Marriage or by descent are the easiest paths to a visa/citizenship.

that's not true. A big stache will get you into lots of places. A nice option would be Malaysia.  Good food, decent and cheap healthcare, English speaking, and tax free.

https://en.wikipedia.org/wiki/Malaysia_My_Second_Home

ChpBstrd

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Re: Which country to move to if Obamacare turns bad?
« Reply #25 on: May 18, 2018, 08:48:36 AM »
Quote
Yes, there comes a time to give up on a nation where everyone has gone batshit. But nobody on this board is fleeing Syria, North Korea, or Honduras. We're talking about how to get cheaper insurance, a situation 99% of us have yet to lift a finger to improve.

What can we really do?  Seems like both major parties in US are bought.

This does seem like something that both makes moral and financial sense to change.  It is a matter of life and death.  Is it just too abstract for people to sit up and notice?  I think if enough people got fired up we'd see some changes.

I wonder if people just don't know.  Commercial TV won't tell you because they depend on the advertising for pills.  There's all sorts of stuff on the internet, but there is a lot of stuff in general like UFOs and ancient aliens.

Here's the thing that kind of sticks with me.  In the Spring of 2017, they tried to get rid of Obamacare.  Mr. Trump said he was going to replace it with something that was terrific.  I saw films of people protesting their politicians because if they took away health care they would die.  I saw facts and figures that millions of people would lose their heath care if they did this.  They almost did it, but John McCain came out of the hospital and voted it down.  Right wing media then said bad things about him.

So, what is recommended by the wise Mustachians to do to help fix this?  It seems kind of basic to help sick people.

Are both political parties bought? I have friends who feel the ability to repeat this assumption and swear off political participation is a mark of sophistication. However, I also see lots of social media memes that seem to assure me that the entire political system is rotten, political participation is naive, and probably a system with a "strong leader" could do a better job governing than democracy. Who devotes their days to making these memes? Do they use bots to spread them? Was I targeted to receive this message? What's their agenda, anyway? Asking such questioning is a 21st century survival skill just like questioning the assumption one needs an SUV "to haul stuff" as seen on TV.

Your request for concrete steps is a good one. Here are some steps:

1) Google your state's secretary of state or elections commission. Find out the following:
     a) How to register to vote
     b) What elections are coming up (e.g. primaries, local elections, special elections)
2) Register to vote.
3) Look up the websites for each candidate and determine how their values align with yours. If the websites are vague, send the campaign your questions. You can sometimes learn the most about candidates by examining their endorsements - do these groups align with your values? Remember, you will not find a perfect match. Good enough is good enough. You might find the perfect person to vote against, though.
4) Once you have decided who to vote for (or against!) look into casting an early ballot. This saves time.
5) Let your friends know who you support and why. Campaigns sometimes spend dozens of dollars per voter to try to obtain a fraction of the influence you would have in a conversation or social media post. Does this require a bit of social courage? Yes! But actions such as this undermine the influence of money in politics. You can't be against the influence of money in politics while also not undermining it! Also, you have contributed to normalizing political activity, going against the grain in a culture that increasingly celebrates cynicism and apathy. Cynicism and apathy are why drug companies can extort people for lifesaving pills that cost a few dollars to make, yet have a six-figure price. It's why people think this awful situation is as good as it gets. Fight the big money and fight the apathy.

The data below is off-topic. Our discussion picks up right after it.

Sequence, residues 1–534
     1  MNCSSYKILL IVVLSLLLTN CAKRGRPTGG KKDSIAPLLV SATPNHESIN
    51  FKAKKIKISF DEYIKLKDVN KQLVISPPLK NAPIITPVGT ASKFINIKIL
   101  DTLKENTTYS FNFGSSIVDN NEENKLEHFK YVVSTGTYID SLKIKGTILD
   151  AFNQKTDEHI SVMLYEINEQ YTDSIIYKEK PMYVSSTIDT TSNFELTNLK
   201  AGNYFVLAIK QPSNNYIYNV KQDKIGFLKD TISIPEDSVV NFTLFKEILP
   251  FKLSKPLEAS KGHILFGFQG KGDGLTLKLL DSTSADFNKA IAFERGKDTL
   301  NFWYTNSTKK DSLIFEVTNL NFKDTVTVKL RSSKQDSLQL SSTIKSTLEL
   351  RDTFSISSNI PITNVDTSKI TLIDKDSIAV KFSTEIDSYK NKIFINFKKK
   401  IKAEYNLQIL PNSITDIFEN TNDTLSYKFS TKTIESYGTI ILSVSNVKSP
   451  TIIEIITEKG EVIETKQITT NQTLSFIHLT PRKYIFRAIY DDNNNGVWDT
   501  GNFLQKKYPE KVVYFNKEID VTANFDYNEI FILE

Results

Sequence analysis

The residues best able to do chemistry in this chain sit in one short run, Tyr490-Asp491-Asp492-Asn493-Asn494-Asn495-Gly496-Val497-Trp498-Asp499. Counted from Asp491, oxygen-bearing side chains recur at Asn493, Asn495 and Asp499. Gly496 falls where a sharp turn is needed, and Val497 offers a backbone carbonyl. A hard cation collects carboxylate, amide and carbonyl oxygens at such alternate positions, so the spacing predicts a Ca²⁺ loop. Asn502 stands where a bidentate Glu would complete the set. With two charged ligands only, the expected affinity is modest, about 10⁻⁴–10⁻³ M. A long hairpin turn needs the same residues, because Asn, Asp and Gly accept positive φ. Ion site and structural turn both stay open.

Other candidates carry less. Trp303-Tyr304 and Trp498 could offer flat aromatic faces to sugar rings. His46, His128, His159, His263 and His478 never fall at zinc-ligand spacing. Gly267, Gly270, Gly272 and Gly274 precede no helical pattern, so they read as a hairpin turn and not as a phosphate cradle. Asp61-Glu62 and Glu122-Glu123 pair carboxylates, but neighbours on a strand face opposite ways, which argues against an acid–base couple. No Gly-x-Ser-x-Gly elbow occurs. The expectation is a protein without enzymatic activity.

6) Find something you are buying that does not align with your values. E.g. Starbucks lattes, cable, faster-than-necessary internet or data plans, name-brand detergent,... even for mustachians there's always something. Donate the annual savings to candidates who support your values. Maybe it's only $15, or $50. Maybe it's thousands. Do it anyway. None of our budgets even remotely align with our values, so this should not be painful.
7) Host an "I voted" party, where the ticket for admission is an "I voted" sticker. Buy a shitload of beer. There's no need to talk politics at the party if your friends are ideologically diverse - just enjoy each other's company and normalize democracy. Again, this totally undermines money in politics and defeats those social media messages influencing people not to vote.
8) If you find a candidate who agrees with you on 70-80% of issues - holy shit, go all in. Ask if there are opportunities to volunteer. Figure out how you can raise funds, etc.
9) Learn leadership and public speaking. Find a local club of Toastmasters International, make a bunch of new less-apathetic friends, and be transformed within a year into someone who can confidently introduce a candidate at a rally, someone who can give an elevator pitch to support your values, and someone who has the potential to lead. This opens doors to many more ways to contribute and is also a good way to get a promotion at work.
10) Attend public events such as candidate forums, campaign events, debates, or city hall meetings. Ask questions in person. This nudges leaders to commit to positions or moderate positions you disagree with. Public pressure moves the needle and journalists write this stuff down.